Like so many other things - it's buyer beware!
 

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..., but to be honest I don't mind supporting their fundraising -- after all, they can't simply sit on their hands and hope that people will donate money to them. In the charity business you have to spend money to make money, and I'm okay with that.
They have to get their message out where promotion may not be their forte. The key question is at what cost? Most people I know aren't too happy if the fine print is saying "we keep 75% and the charity gets 25%".
 

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I have become very leery of giving to charities in developing countries after reading several articles over the last few years saying that large amounts of money donated to charitable groups in those countries end up in the Swiss bank accounts of their government officials. I continue to contribute to Doctors Without Borders because I believe that they spend their donations directly on their programmes, but I'm very hesitant to give to many others, even including the Red Cross. I sent a donation to the Red Cross at the time of the huge tsunami in Asia a few years ago, and I read in the newspaper recently that most of that money is still sitting in the Red Cross's bank accounts.

At the time of the Haiti earthquake, I sent my donation to Doctors Without Borders, and I feel reasonably good about that choice. But the newspapers here ran a story during that crisis saying that the Haitian president was demanding that donations be send directly to the government of Haiti rather than individual charities, and I thought, "Oh yes, certainly ... people are supposed to send charitable dollars directly to a government with one of the worst reputations for corruption anywhere in the world - not likely!" And, in spite of the almost unprecented donations sent to various charitable organizations in Haiti at that time, there seems to have been very little progress made in housing the homeless.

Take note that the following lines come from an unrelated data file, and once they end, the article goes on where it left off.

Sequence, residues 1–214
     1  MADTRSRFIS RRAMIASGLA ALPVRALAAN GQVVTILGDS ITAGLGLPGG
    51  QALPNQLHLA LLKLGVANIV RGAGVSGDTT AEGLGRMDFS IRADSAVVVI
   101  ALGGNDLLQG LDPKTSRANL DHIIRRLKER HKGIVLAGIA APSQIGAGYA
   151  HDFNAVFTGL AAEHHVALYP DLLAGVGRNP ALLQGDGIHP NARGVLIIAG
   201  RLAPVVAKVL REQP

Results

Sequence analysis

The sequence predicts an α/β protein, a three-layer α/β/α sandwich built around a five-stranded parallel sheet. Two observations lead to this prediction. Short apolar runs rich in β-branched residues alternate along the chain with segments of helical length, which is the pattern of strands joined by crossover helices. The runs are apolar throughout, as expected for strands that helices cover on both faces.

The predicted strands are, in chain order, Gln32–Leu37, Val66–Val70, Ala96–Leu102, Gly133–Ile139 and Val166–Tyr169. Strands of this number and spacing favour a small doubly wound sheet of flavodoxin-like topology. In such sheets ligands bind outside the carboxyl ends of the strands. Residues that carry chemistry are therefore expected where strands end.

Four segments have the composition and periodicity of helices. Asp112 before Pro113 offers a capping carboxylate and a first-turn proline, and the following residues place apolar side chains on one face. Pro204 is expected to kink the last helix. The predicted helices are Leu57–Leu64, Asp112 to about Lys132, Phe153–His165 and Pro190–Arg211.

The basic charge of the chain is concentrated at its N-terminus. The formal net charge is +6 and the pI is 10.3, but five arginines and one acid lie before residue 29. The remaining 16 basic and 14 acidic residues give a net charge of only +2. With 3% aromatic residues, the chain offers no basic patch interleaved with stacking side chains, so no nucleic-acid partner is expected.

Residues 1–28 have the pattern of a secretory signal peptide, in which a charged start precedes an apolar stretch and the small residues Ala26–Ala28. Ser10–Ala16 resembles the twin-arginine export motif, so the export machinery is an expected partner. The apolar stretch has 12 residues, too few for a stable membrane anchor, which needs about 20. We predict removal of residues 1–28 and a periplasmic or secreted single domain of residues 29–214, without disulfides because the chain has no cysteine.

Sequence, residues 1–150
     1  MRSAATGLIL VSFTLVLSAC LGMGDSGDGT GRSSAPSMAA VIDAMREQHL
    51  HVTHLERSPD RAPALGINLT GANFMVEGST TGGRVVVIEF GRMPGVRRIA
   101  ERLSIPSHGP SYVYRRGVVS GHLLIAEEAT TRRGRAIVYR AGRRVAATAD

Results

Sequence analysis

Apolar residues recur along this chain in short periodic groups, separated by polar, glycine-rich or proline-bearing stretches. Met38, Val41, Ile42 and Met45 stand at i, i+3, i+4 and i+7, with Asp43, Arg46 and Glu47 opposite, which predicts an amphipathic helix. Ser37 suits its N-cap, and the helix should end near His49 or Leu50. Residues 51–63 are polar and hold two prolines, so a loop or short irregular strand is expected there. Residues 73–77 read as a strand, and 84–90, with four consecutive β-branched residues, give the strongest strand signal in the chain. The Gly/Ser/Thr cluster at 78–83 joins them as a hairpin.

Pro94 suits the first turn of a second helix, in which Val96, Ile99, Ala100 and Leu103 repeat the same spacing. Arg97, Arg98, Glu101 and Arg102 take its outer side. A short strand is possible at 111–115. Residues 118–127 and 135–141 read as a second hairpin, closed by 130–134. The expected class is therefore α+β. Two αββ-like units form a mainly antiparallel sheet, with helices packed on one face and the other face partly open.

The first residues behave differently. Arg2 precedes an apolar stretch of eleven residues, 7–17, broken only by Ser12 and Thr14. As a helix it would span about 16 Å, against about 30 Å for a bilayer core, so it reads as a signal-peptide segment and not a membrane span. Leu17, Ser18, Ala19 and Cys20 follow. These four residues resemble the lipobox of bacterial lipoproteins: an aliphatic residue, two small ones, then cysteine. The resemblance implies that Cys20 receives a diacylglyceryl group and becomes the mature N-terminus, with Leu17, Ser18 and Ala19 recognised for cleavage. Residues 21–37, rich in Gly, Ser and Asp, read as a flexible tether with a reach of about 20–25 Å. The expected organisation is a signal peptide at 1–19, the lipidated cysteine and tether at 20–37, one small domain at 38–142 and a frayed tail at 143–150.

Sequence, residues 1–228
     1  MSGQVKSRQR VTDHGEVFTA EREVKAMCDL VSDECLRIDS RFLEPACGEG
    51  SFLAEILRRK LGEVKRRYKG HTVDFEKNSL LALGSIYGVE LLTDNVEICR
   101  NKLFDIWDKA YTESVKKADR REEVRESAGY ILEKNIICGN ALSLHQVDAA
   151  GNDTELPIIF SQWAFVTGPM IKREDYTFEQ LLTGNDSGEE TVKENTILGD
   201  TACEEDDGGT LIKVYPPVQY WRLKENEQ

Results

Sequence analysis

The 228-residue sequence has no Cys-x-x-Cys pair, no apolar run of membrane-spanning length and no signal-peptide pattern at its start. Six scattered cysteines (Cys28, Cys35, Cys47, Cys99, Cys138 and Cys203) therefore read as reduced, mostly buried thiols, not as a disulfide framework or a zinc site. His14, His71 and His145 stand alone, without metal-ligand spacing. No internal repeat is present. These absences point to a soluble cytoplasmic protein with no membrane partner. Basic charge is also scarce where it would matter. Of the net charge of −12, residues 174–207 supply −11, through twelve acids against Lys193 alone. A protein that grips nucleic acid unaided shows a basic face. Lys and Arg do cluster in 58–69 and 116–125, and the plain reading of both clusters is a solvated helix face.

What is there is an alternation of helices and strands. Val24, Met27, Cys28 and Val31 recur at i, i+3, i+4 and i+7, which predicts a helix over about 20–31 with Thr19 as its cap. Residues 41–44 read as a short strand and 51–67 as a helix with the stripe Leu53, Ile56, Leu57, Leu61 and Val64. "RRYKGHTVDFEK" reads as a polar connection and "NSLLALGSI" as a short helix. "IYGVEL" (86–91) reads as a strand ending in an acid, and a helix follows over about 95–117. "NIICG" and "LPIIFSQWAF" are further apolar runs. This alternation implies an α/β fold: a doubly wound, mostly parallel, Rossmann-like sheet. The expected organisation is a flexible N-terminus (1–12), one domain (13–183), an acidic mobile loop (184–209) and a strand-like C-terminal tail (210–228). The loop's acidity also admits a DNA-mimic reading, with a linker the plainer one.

I tend to make more of my donations closer to home these days, often to friends who are going through difficult times. For example, I recently wrote a cheque for $2000 to an 80-year-old friend whose very old car had given up the ghost. Another friend had given her an old car of hers, but my friend's long-time trusted mechanic told her that, although it was worth fixing, it needed $2000 worth of work on it. She was upset because she didn't have $2000 and had no way of getting it, so I wrote her a cheque for that amount. I realize that many people would consider that her need wasn't as great as many people in developing countries, but at least I knew where my money went, and I truly don't know who felt better about it - my friend or me. There are many ways of helping other people; we don't all have to do it the same way, and I'm comfortable with my way.
 

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Many corporate charities have their operations funded entirely by their sponsoring company, so that 100% of donations are used for the stated cause.
 

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Discussion Starter #20
This is where questions have to be asked. I know of several where the leader's salary and the entire paid staff, are coming directly out of donations. Others are out of endowments, investments or any combination there of.

I've also seen where the donation I send is 87% effective but if I respond to the fundraising company, the fine print indicates that using this channel is giving the fundraising company 40% of my donation.


Like so many other things - it's buyer beware!
Many corporate charities have their operations funded entirely by their sponsoring company, so that 100% of donations are used for the stated cause.
I think there are so many ways of accounting for overhead that the only valid comparison is the salaries they draw. After all, an endowment is meant to give money to charity not to administration. Same with corporate sponsorships. It is indeed murky because the charities don't like reporting contributions spent on marketing and administration. We all know that those are real costs but cannot get straight answers.

I have also looked at kiva.org and the MicroFinance institutions do claim a big chunk because it costs a lot to administer small loans. And there were some bad situations where they were soliciting money for a given cause but that cause was already funded.